Emissions from distributed vs. centralized generation: the importance of system performance

Strachan, N. and Farrell, A. 2006. Emissions from distributed vs. centralized generation: the importance of system performance. Energy Policy. 34 (17), pp. 2677-2689.

TitleEmissions from distributed vs. centralized generation: the importance of system performance
AuthorsStrachan, N. and Farrell, A.
Abstract

Distributed generation (DG) offers a number of potential benefits, but questions remain about environmental performance. Air emissions from five key DG technologies; gas engines, diesel engines, gas turbines, micro-turbines, and fuel cells, were systematically compared with total energy supply systems based on centralized gas turbines (CCGT) and coal steam turbines plus distributed heating (DH) using gas-fired boilers. Based on emissions and operational factors from existing commercially marketed DG-CHP technologies, combined heat and power (CHP) applications are considered, which are remotely monitored and operated as base-load supply. Emissions results are characterized using heat-to-power ratios (HPRs), which concisely describe different types of energy demand under different applications or seasonal conditions. At an HPR of zero (i.e. the special case of electricity-only), CCGT with DH gives the lowest emissions portfolio, but at HPR values typical for buildings in the United States, efficiency advantages ensure gas-fired combustion DG-CHP technologies become broadly competitive across the range of key emissions. Fuel cell DG-CHP provides a very low emissions portfolio, but at a significant cost premium. At higher HPR values, emissions from heat supply can become a key issue, leading to the surprising finding that some combustion-based DG-CHP systems have lower total emissions than fuel cell-based systems. Based on these insights, the paper concludes with a discussion of streamlined yet rigorous regulatory approaches for DG-CHP technologies.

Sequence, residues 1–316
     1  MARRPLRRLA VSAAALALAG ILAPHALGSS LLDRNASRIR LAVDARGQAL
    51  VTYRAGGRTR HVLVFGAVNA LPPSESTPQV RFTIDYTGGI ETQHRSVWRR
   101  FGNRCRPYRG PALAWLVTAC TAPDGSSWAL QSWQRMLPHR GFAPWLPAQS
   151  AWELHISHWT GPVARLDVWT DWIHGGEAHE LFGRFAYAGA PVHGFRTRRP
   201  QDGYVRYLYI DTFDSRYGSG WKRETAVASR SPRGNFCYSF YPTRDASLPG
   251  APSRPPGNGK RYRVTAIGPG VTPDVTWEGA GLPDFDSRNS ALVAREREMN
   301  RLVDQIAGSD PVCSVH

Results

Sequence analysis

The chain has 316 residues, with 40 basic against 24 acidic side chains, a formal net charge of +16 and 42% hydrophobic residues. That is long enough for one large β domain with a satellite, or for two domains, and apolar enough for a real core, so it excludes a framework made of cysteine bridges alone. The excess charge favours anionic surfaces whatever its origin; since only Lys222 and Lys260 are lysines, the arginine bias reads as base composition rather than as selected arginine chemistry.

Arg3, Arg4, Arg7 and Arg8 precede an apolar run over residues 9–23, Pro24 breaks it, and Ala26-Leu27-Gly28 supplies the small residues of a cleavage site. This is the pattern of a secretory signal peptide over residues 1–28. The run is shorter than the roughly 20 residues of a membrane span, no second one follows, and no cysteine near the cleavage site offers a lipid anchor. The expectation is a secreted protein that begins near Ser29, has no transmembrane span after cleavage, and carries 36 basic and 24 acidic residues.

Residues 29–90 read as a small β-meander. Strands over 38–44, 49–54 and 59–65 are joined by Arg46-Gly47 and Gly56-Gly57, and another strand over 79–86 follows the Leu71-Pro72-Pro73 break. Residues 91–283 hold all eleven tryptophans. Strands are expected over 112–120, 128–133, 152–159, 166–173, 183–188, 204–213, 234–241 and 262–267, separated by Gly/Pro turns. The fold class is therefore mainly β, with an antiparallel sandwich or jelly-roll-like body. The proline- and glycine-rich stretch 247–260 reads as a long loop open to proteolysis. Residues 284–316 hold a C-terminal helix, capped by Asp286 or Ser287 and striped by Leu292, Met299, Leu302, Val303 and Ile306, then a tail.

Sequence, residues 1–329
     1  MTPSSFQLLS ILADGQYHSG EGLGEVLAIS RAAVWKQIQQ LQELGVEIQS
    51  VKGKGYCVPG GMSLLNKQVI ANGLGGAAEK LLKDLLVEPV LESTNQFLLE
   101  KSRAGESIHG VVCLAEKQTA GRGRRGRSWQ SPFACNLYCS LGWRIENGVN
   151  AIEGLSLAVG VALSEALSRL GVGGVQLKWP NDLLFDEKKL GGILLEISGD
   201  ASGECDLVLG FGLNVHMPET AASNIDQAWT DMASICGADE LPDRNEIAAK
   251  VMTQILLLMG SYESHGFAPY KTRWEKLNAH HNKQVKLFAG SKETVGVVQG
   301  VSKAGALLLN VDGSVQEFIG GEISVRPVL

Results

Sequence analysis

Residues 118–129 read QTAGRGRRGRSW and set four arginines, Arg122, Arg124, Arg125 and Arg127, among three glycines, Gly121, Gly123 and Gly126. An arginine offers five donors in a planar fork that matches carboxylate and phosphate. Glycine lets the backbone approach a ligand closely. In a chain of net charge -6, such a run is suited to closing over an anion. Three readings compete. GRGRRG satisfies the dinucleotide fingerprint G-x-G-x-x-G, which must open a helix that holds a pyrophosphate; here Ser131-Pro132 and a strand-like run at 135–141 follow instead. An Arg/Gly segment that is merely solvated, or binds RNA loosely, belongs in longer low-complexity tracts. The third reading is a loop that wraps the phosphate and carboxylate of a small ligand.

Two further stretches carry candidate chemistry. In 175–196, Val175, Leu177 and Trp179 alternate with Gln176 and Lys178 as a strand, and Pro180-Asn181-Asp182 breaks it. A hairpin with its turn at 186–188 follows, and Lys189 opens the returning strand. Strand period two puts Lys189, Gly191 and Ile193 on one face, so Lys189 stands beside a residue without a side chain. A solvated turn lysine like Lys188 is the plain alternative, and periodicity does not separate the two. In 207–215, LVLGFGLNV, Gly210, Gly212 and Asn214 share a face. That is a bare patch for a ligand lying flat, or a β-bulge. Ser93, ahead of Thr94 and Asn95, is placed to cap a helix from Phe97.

KeywordsDistributed generation; Emissions; Combined heat and power
JournalEnergy Policy
Journal citation34 (17), pp. 2677-2689
ISSN0301-4215
YearNov 2006
Digital Object Identifier (DOI)doi:10.1016/j.enpol.2005.03.015
Publication dates
PublishedNov 2006

Related outputs

Hydrogen system modelling
Balta-Ozkan, N. and Strachan, N. 2010. Hydrogen system modelling. in: Ekins, P. (ed.) Hydrogen energy: economic and social challenges London Earthscan. pp. 125-152

Soft-linking energy systems and GIS models to investigate spatial hydrogen infrastructure development in a low-carbon UK energy system
Strachan, N., Balta-Ozkan, N., Joffe, D., McGeevor, K. and Hughes, N. 2009. Soft-linking energy systems and GIS models to investigate spatial hydrogen infrastructure development in a low-carbon UK energy system. International Journal of Hydrogen Energy. 34 (2), pp. 642-657.

Setting greenhouse gas emission targets under baseline uncertainty: the Bush climate change initiative